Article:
Carnuntum was probably the most active of the provincial centres of Dolichene worship. It was the headquarters of the XIV Legio Gemina Martia Victrix, which participated in Lucius Verus’ war against Parthia. (I have a theory that during that war, some particular epiphany manifested the might of IOMD to a significant number of soldiers, thereby catalyzing the spread of his cult as those soldiers returned to their home barracks.) Today Carnuntum is an archæological park located near the village of Petronell in Lower Austria, about halfway between Vienna and Bratislava.
13. What sort of charitable or volunteer work could be considered a way to honour the deity?
IOMD is hailed as ‘conserver of all heaven’, so it seems to me that action to reduce emissions of carbon dioxide and other greenhouse gases could be an acceptable service to him. Conservation work, whether of the natural or the built environment, might also be acceptable if understood as preserving divine order overseen by IOMD. As king of heaven, he has obvious links to the political arena, so efforts at promoting justice, state-building, and strengthening civil society would seem appropriate. Jupiter in general protects strangers, and IOMD in particular was a god much favoured by expatriated Syrians in the West, so action to protect refugees—perhaps especially those from Syria and/or along the Turkish-Syrian border—seems as fitting as it is urgent. Furthermore, he has obvious tie-ins with the military. Veterans’ charities would be an obvious place to look.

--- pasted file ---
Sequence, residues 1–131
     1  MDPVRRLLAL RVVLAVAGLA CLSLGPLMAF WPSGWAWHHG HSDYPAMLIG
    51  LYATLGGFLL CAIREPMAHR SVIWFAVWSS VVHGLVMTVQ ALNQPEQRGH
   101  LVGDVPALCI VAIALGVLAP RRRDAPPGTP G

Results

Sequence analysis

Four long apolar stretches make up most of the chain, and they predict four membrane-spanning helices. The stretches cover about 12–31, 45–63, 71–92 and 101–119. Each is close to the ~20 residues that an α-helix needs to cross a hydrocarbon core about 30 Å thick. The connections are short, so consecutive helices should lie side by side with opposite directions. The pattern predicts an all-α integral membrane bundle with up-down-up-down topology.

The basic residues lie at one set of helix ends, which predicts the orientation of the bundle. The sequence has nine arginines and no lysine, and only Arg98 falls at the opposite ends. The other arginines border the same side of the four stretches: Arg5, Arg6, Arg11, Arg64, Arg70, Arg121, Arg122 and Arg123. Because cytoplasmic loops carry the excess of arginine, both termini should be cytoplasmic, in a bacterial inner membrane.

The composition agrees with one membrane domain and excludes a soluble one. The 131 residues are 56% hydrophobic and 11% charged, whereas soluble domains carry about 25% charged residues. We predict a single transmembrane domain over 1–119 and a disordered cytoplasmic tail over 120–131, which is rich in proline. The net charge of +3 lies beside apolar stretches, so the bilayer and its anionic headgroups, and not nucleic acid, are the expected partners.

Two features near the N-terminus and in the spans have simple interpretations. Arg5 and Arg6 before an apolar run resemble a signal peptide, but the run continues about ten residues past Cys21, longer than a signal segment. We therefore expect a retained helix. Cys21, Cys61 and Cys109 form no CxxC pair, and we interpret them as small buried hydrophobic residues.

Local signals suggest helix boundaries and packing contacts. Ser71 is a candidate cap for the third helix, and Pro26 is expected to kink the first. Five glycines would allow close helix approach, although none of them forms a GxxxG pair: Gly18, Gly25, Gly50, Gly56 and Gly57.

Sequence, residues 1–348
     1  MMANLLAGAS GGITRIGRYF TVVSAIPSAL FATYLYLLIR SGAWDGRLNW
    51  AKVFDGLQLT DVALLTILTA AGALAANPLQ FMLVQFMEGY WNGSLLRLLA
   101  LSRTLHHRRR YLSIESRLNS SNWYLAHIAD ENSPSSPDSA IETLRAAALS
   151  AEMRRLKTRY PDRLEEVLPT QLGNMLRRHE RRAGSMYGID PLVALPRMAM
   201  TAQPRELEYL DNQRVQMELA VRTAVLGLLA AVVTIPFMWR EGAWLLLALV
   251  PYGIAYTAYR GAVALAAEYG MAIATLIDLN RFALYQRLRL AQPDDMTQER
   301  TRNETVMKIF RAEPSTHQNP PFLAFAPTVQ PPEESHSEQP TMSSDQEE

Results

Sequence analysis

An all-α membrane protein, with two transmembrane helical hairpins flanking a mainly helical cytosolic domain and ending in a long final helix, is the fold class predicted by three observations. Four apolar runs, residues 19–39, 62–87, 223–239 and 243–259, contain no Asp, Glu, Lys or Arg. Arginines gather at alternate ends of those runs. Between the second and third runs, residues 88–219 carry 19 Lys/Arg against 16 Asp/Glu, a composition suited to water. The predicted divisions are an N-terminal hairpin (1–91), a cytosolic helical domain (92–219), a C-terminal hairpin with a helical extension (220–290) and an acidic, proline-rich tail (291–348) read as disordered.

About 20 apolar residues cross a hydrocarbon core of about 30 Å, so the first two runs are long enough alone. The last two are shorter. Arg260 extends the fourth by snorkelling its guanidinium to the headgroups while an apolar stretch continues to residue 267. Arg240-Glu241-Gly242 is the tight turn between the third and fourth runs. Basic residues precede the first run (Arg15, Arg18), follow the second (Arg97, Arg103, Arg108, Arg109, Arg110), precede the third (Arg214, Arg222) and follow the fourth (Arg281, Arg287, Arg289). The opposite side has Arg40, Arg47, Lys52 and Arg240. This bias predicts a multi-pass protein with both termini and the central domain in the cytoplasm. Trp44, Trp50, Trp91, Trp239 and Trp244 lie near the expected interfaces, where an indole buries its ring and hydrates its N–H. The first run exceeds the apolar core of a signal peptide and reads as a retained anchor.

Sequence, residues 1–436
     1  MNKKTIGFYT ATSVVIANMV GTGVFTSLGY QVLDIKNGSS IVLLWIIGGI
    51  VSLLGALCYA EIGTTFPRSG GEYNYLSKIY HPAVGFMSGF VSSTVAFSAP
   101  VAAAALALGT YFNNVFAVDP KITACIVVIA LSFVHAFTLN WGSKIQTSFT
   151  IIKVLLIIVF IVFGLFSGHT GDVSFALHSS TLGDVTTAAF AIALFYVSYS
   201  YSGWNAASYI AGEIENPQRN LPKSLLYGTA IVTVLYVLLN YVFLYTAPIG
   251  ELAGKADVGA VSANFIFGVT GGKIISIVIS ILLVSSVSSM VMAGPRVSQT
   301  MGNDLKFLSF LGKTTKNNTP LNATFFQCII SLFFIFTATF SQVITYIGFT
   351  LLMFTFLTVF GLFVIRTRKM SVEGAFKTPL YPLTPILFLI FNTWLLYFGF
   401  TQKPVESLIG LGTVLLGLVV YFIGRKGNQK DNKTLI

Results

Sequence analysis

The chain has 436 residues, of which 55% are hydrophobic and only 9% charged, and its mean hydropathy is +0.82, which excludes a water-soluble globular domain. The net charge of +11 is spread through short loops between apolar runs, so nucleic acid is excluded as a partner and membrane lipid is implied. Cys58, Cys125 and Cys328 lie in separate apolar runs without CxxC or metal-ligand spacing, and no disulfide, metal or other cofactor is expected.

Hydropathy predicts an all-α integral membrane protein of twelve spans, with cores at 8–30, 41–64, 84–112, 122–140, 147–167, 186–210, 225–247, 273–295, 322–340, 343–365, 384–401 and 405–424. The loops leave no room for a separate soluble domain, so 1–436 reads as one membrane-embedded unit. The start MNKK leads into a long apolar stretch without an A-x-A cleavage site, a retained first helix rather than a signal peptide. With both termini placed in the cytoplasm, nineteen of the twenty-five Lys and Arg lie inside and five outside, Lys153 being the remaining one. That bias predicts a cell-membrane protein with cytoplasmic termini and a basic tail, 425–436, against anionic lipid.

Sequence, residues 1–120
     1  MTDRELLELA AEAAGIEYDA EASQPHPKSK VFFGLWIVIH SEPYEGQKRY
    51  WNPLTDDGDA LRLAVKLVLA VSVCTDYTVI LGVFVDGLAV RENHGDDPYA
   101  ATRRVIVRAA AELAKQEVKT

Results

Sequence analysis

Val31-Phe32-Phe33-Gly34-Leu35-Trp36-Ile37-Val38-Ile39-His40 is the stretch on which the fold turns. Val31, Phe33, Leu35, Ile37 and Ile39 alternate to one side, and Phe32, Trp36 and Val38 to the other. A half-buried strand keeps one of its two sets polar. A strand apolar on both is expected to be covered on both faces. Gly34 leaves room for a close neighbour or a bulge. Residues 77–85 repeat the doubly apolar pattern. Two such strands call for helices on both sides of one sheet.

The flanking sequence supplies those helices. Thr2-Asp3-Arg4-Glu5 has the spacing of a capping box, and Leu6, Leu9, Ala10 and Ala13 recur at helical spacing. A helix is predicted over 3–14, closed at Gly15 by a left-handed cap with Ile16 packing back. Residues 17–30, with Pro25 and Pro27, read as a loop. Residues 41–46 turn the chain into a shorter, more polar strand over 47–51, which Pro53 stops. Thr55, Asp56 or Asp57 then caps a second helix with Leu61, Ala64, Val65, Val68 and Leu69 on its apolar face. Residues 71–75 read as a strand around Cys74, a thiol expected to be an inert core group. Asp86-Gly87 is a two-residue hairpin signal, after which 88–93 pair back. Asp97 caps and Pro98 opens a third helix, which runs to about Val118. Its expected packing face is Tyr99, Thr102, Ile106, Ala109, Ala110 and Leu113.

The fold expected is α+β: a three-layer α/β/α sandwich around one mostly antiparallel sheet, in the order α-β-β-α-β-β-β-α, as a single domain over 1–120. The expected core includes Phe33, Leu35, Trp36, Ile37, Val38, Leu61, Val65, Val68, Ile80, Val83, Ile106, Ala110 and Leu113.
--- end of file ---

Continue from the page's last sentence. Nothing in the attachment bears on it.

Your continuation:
14. Has worship of this deity changed in modern times?
Not as far as I am aware.
15. Are there any mundane practices that are associated with this deity?
I’ll assume this question refers to things like weaving Brigit’s crosses or erecting May poles or the like (?). I’m not aware of any, although I don’t know much about the folk customs of that part of Turkey. One custom that could perhaps be adapted to Dolichene practice is to write down a wish and tie it onto a tree (an oak, presumably, in IOMD’s case) on a holy day. Turks do this at Hıdrellez (May 5) in honour of Hızır (Khidr), an Islamic saint who is often syncretized with St George—whose cult in Anatolia and the Caucasus might just possibly owe something to the dragon-slaying storm-god of old…?